to carry out

Выучить:

выучу, выучат – выучите!

to learn

Exceptions are very rare:

Высунуть:

высуну, высунут – высуньте!

to stick out

Выставить:

выставлю, выставят – выставьте! or выставите!

to put out

   (b)   Usually, when the stem from which it is formed ends in a "cluster of consonants'':

Почистить:

почищу, почистят – почистите!

to clean

Ездить:

езжу, ездят – (не) ездите!

to ride, to drive

   (c)   Always, when the last letter of the cluster is an н:

Крикнуть:

крикну, крикнут – крикните!

to shout

Заполнить:

заполню, заполнят – заполните!

to fill out

5.   A few verbs do not form the imperative: видеть – to see; слышать – to hear; мочь – to be able; хотеть – to wish. Also, a few verbs where simple logic would preclude an imperative mood, such as течь – to flow, весить – to weigh (intrans.)

Usage of the Imperative

The choice of the proper aspect to use is sometimes a delicate matter. The basic principle of the aspects is found again in the imperative: The Imperfective Imperative stresses the action (continuous, repeated, habitual) whereas the perfective stresses rather the result of the (single) action:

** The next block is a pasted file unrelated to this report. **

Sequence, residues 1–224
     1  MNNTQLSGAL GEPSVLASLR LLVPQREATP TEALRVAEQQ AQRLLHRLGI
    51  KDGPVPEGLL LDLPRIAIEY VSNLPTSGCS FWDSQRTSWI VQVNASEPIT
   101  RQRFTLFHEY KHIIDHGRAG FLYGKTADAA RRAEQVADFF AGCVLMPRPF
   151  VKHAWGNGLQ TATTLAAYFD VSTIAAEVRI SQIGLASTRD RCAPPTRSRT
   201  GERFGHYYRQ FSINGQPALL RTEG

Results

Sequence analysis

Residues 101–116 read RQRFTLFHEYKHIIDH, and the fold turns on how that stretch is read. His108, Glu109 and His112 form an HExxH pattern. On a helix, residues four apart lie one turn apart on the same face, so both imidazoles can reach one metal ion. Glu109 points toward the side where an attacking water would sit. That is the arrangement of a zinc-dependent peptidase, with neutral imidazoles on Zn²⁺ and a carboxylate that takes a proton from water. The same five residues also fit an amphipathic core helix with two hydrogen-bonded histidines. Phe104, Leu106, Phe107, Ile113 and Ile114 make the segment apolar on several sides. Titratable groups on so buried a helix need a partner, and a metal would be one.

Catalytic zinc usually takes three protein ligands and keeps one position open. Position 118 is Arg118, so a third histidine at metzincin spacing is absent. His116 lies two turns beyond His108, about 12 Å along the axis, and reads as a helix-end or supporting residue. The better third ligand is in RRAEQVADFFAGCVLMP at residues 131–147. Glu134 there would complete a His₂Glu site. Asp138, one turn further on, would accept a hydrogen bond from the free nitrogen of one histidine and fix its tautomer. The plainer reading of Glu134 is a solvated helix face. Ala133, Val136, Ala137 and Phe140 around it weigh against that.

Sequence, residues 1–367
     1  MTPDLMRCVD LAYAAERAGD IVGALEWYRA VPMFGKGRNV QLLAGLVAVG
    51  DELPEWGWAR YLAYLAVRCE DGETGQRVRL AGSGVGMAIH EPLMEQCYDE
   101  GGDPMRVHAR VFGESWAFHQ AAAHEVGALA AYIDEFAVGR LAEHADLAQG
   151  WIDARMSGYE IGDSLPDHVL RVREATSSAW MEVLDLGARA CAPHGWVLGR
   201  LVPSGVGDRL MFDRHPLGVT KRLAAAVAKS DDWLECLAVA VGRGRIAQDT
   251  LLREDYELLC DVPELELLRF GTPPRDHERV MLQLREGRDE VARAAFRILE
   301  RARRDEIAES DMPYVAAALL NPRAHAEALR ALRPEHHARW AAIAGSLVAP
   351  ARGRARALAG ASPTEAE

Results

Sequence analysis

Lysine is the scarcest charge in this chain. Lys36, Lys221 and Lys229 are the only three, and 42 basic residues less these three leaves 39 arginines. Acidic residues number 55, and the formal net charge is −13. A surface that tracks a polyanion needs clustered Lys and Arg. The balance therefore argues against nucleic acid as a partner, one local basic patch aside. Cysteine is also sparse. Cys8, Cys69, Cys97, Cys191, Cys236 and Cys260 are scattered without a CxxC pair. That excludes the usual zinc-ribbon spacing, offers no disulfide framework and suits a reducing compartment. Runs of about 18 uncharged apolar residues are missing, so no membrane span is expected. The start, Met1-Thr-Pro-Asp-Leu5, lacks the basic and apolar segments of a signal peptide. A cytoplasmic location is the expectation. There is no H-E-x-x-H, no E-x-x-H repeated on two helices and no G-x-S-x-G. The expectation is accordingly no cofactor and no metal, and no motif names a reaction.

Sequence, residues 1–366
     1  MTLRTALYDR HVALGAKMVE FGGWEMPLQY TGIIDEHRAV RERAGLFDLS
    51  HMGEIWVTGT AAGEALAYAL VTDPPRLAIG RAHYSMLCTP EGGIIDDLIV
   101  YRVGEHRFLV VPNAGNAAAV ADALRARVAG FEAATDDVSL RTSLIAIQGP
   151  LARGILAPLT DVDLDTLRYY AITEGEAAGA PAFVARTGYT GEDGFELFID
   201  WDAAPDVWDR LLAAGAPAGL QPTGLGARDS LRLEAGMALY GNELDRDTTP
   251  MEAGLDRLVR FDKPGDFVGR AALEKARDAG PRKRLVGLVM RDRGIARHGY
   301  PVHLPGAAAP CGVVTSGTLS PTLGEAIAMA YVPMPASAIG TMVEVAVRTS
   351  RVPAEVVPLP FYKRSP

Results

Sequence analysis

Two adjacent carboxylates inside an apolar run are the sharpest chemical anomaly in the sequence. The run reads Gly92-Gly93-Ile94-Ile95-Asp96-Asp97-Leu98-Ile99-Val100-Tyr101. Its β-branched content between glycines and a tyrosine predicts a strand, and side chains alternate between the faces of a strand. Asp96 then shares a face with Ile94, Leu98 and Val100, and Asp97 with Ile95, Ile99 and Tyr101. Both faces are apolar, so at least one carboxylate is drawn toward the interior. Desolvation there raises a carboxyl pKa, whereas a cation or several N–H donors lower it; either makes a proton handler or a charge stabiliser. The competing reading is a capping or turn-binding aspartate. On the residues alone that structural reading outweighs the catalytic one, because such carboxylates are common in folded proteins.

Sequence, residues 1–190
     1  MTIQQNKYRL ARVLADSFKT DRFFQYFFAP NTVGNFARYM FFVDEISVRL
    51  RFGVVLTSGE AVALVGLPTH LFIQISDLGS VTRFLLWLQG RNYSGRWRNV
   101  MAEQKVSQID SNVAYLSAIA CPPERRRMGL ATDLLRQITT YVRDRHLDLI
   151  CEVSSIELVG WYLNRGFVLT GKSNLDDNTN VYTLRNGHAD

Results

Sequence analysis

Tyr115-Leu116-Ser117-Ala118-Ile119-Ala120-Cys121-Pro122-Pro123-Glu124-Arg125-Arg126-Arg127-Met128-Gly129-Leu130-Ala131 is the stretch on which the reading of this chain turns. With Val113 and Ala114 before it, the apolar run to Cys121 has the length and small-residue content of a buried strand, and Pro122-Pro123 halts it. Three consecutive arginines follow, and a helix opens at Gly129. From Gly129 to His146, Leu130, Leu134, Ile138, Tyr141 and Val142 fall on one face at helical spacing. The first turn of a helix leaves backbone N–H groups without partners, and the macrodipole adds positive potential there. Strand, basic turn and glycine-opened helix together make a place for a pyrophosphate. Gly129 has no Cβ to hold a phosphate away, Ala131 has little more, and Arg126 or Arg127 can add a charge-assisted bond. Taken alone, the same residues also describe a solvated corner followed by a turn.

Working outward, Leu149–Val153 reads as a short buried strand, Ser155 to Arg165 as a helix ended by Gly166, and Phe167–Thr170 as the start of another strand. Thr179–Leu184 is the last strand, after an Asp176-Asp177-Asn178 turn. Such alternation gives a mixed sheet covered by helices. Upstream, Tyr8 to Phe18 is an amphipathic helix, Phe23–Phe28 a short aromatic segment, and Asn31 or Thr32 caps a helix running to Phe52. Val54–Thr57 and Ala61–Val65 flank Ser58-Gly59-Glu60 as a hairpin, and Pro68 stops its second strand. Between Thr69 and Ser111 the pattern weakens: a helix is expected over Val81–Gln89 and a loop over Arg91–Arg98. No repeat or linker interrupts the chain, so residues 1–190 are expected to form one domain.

Пишите нам чаще.

Write us more often. (imperfective)

Дайте мне марку, пожалуйста.

Give me a stamp, please. (perfective)

1. The Imperfective Imperative often suggests doing something right away, and therefore may sound peremptory, if not impolite:

Читайте это!

Read this!

Подметайте пол!

Sweep the floor!

Пишите ваш адрес!

Write your address!

Убирайте со стола!

Clear the table!

This, however, is not always the case. Many verbs in which the "imper­fective is used instead of the expected perfective" are normally used in the imperfective with the imperative mood:

Спите спокойно.

Sleep well.   (lit.:  calmly)

Кушайте сыр.

Eat (some) cheese.

Говорите громче, пожалуйста.

Speak louder, please.

2. The Negated Imperative usually stands in the imperfective:

He говорите ему насчёт этого.

Don't tell him about this.

He кладите деньги на стол.

Don't put money on the table.

The so-called "verbs of warning" are exceptions to this rule:

He простудитесь.

Don't catch cold.